Bidirectional search

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Bidirectional search is a graph search algorithm that finds a shortest path from an initial vertex to a goal vertex in a directed graph. It runs two simultaneous searches: one forward from the initial state, and one backward from the goal, stopping when the two meet in the middle. The reason for this approach is that in many cases it is faster: for instance, in a simplified model of search problem complexity in which both searches expand a tree with branching factor b, and the distance from start to goal is d, each of the two searches has complexity O(bd/2) (in Big O notation), and the sum of these two search times is much less than the O(bd) complexity that would result from a single search from the beginning to the goal.

As in A* search, bi-directional search can be guided by a heuristic estimate of the remaining distance to the goal (in the forward tree) or from the start (in the backward tree).

Ira Pohl (1971) was the first one to design and implement a bi-directional heuristic search algorithm. Andrew Goldberg and others explained the correct termination conditions for the bidirectional version of Dijkstra’s Algorithm.[1]

Description[edit]

A Bidirectional Heuristic Search is a state space search from some state to another state , searching from to and from to simultaneously. It returns a valid list of operators that if applied to will give us .

While it may seem as though the operators have to be invertible for the reverse search, it is only necessary to be able to find, given any node , the set of parent nodes of such that there exists some valid operator from each of the parent nodes to . This has often been likened to a one-way street in the route-finding domain: it is not necessary to be able to travel down both directions, but it is necessary when standing at the end of the street to determine the beginning of the street as a possible route.

Similarly, for those edges that have inverse arcs (i.e. arcs going in both directions) it is not necessary that each direction be of equal cost. The reverse search will always use the inverse cost (i.e. the cost of the arc in the forward direction). More formally, if is a node with parent , then , defined as being the cost from to .(Auer Kaindl 2004)

Terminology and notation[edit]

 
the branching factor of a search tree
 
the cost associated with moving from node to node
 
the cost from the root to the node
 
the heuristic estimate of the distance between the node and the goal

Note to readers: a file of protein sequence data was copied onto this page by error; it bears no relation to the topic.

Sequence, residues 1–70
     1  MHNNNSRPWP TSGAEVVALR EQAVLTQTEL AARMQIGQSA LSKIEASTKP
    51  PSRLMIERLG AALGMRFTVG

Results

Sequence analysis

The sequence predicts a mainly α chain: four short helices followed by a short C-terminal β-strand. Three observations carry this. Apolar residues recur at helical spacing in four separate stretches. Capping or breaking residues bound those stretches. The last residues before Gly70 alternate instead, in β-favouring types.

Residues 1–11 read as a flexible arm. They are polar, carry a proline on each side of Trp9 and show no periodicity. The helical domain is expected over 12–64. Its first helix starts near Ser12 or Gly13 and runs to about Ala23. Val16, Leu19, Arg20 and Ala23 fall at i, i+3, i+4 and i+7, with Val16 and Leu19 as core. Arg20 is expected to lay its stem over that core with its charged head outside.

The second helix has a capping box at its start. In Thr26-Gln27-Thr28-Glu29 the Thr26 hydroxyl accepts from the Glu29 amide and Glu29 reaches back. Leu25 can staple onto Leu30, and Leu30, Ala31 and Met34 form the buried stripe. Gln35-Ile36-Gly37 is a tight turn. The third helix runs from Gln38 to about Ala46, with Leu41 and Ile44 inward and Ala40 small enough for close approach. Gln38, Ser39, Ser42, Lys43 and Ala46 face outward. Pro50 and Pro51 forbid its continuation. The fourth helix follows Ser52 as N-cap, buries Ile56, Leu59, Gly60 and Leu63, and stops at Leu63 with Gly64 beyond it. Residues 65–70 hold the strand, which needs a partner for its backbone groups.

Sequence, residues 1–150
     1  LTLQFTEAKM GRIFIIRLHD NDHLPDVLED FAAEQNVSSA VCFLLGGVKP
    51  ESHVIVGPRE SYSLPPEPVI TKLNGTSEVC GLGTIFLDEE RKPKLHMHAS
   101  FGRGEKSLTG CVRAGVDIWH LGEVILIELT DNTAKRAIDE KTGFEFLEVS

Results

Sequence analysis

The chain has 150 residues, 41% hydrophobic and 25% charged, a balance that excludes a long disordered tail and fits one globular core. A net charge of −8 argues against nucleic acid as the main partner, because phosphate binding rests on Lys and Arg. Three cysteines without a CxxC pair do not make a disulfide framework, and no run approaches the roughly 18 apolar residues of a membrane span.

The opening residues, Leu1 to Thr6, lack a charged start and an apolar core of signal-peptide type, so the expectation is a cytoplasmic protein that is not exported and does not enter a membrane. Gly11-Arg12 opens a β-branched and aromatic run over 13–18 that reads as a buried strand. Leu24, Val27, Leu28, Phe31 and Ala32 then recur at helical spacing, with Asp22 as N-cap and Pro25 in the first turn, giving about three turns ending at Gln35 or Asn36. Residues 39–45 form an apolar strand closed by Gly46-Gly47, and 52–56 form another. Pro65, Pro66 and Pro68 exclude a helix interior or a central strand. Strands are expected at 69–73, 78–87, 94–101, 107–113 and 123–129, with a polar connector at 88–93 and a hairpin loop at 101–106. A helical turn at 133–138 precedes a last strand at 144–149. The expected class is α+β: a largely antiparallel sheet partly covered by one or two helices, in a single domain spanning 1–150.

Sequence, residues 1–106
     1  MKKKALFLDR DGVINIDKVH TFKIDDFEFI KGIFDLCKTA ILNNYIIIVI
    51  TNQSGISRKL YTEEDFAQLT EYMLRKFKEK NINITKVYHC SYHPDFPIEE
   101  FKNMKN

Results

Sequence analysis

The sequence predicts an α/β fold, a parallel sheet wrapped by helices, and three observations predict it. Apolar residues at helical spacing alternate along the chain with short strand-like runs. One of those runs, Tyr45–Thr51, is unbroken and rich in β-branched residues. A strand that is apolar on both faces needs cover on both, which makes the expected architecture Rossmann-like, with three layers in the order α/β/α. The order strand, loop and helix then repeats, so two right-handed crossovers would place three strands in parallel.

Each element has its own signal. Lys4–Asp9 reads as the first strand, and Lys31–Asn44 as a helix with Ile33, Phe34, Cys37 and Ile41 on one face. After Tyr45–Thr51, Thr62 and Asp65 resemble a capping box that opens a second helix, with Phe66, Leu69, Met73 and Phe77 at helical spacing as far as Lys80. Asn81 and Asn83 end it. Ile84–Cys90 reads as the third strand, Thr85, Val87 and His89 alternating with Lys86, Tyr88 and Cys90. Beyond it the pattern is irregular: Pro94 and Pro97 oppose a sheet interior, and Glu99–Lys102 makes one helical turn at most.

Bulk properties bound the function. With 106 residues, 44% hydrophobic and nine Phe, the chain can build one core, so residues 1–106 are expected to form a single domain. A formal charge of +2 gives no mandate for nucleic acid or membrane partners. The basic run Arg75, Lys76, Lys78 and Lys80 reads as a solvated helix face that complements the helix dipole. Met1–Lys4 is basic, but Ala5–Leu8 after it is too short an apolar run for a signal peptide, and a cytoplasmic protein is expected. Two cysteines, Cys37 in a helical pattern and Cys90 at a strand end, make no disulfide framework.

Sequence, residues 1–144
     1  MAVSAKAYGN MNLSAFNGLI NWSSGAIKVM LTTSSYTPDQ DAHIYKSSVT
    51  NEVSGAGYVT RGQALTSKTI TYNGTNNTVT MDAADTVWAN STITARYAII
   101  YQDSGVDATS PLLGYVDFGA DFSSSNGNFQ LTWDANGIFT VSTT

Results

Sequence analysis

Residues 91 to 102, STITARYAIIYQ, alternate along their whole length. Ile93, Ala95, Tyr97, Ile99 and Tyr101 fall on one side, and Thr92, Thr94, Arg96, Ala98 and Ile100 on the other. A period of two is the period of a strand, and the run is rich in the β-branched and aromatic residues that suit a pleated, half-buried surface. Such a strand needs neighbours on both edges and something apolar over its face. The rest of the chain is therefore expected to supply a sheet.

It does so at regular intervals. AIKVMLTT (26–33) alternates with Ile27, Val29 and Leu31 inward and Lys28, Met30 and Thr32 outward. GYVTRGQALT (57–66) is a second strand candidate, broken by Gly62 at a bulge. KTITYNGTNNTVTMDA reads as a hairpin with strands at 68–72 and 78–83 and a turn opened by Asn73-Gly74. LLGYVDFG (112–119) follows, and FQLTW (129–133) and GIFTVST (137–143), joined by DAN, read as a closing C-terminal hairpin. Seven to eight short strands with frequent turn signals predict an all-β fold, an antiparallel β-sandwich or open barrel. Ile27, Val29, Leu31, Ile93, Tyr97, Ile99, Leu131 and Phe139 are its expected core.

the start state
 
the goal state (sometimes , not to be confused with the function)
 
the current search direction. By convention, is equal to 1 for the forward direction and 2 for the backward direction (Kwa 1989)
 
the opposite search direction (i.e. )
 
the search tree in direction d. If , the root is , if , the root is
 
the leaves of (sometimes referred to as ). It is from this set that a node is chosen for expansion. In bidirectional search, these are sometimes called the search 'frontiers' or 'wavefronts', referring to how they appear when a search is represented graphically. In this metaphor, a 'collision' occurs when, during the expansion phase, a node from one wavefront is found to have successors in the opposing wavefront.
 
the non-leaf nodes of . This set contains the nodes already visited by the search

Approaches for Bidirectional Heuristic Search[edit]

Bidirectional algorithms can be broadly split into three categories: Front-to-Front, Front-to-Back (or Front-to-End), and Perimeter Search (Kaindl Kainz 1997). These differ by the function used to calculate the heuristic.

Front-to-Back[edit]

Front-to-Back algorithms calculate the value of a node by using the heuristic estimate between and the root of the opposite search tree, or .

Front-to-Back is the most actively researched of the three categories. The current best algorithm (at least in the Fifteen puzzle domain) is the BiMAX-BS*F algorithm, created by Auer and Kaindl (Auer, Kaindl 2004).

Front-to-Front[edit]

Front-to-Front algorithms calculate the h value of a node n by using the heuristic estimate between n and some subset of . The canonical example is that of the BHFFA (Bidirectional Heuristic Front-to-Front Algorithm),[2] where the h function is defined as the minimum of all heuristic estimates between the current node and the nodes on the opposing front. Or, formally:

where returns an admissible (i.e. not overestimating) heuristic estimate of the distance between nodes n and o.

Front-to-Front suffers from being excessively computationally demanding. Every time a node n is put into the open list, its value must be calculated. This involves calculating a heuristic estimate from n to every node in the opposing OPEN set, as described above. The OPEN sets increase in size exponentially for all domains with b > 1.

References[edit]